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Cover for Investigating Accountability: Language Ideologies & Internalization at a New Mexican High School
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dc.date.accessioned2019-04-15T15:10:27Z
dc.date.available2019-04-15T15:10:27Z
dc.date.created2019-04-11
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dc.descriptionCulture and Politics Honors Thesesen_US
dc.description.abstractThis thesis considers the extent to which dominant language ideologies have become internalized in the attitudes of students and teachers at a New Mexican high school. Due to New Mexico’s multicultural past, its student population is linguistically and racially diverse, making it a prime location for this study. While past literature has thoroughly documented how language ideologies affect students, this study places particular emphasis on how teachers’ abilities to instigate meaningful change are compromised as a result of internalized thoughts and beliefs. Through a demographic survey and informal interviews with two students and six educators, this paper highlights the ‘standard’ English (Flores & Rosa, 2015), English-only (Piller, 2016), and bilingual ideologies (Wright, 2005; Han, 2013) present among students and teachers at the high school of study. In doing so, it considers (1) the linguistic atmosphere of the high school, (2) how aware students and teachers seem to be of any subsisting language ideologies, and (3) how these ideologies impact students’ and teachers’ daily lives. Study findings show that, despite the significant linguistic diversity at the high school, students and teachers were no less impacted by dominant language ideologies. In particular, students and teachers repeatedly described how the English-only environment of the high school created barriers for non-native English speaking students. Interestingly, members of both groups were keenly aware of the ideologies present, despite at the same time being influenced by them. Lastly, this thesis found that educational issues such as perceptions of fluency, diverse curricula, and miscommunication were exacerbated due to the language ideologies present at the school. In emphasizing the lasting impact of dominant language ideologies on students and teachers alike, this thesis attempts to ascertain where accountability for addressing language-related injustices lies: with students, teachers, school administrators, all of the above, or somewhere else entirely.en_US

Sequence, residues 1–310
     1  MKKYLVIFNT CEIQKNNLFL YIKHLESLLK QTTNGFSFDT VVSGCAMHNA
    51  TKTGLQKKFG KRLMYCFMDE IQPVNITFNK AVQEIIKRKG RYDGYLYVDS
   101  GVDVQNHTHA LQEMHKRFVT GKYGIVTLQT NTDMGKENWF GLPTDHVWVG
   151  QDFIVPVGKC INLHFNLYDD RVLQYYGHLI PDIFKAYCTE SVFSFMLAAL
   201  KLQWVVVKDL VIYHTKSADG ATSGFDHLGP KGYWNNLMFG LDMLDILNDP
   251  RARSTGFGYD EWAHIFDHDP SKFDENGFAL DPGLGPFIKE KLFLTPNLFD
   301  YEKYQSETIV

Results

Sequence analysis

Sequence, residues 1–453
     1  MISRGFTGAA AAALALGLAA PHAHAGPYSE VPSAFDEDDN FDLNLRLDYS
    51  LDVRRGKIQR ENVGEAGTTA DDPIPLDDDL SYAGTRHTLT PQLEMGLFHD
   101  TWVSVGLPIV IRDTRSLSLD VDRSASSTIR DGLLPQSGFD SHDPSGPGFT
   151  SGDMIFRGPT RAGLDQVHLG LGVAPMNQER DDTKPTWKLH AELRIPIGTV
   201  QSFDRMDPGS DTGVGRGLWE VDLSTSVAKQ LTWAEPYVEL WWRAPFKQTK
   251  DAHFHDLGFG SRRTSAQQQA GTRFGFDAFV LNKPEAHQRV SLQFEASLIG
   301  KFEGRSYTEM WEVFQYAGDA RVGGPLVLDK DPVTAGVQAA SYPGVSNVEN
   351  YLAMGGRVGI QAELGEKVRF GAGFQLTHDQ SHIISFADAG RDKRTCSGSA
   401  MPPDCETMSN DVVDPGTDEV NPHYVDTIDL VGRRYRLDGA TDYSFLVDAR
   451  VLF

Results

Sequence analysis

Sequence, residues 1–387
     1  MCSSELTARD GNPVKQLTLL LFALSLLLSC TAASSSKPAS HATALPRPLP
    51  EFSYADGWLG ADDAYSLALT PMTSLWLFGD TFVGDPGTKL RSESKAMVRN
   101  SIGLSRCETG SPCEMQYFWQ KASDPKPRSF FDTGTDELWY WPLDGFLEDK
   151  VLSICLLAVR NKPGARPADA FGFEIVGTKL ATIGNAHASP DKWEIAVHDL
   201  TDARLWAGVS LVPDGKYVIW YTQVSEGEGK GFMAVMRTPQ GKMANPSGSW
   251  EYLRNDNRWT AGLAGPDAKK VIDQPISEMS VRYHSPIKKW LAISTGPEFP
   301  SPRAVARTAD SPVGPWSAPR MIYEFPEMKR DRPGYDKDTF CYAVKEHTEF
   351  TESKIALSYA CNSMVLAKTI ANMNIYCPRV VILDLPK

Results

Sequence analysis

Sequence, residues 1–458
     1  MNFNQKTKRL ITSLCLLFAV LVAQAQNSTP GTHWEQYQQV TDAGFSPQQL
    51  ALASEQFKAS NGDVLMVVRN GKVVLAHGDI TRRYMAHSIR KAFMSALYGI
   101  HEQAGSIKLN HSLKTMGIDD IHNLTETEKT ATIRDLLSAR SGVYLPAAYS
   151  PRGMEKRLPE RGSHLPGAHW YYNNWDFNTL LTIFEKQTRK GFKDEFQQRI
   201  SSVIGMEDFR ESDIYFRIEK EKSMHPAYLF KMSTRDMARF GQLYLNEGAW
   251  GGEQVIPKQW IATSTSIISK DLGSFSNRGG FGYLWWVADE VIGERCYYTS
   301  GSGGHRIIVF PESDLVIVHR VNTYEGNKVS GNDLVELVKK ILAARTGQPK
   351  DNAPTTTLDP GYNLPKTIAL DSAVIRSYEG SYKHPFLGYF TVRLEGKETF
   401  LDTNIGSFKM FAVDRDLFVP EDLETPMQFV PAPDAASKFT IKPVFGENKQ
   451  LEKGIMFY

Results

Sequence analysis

dc.titleInvestigating Accountability: Language Ideologies & Internalization at a New Mexican High Schoolen_US
dc.typeThesisen_US


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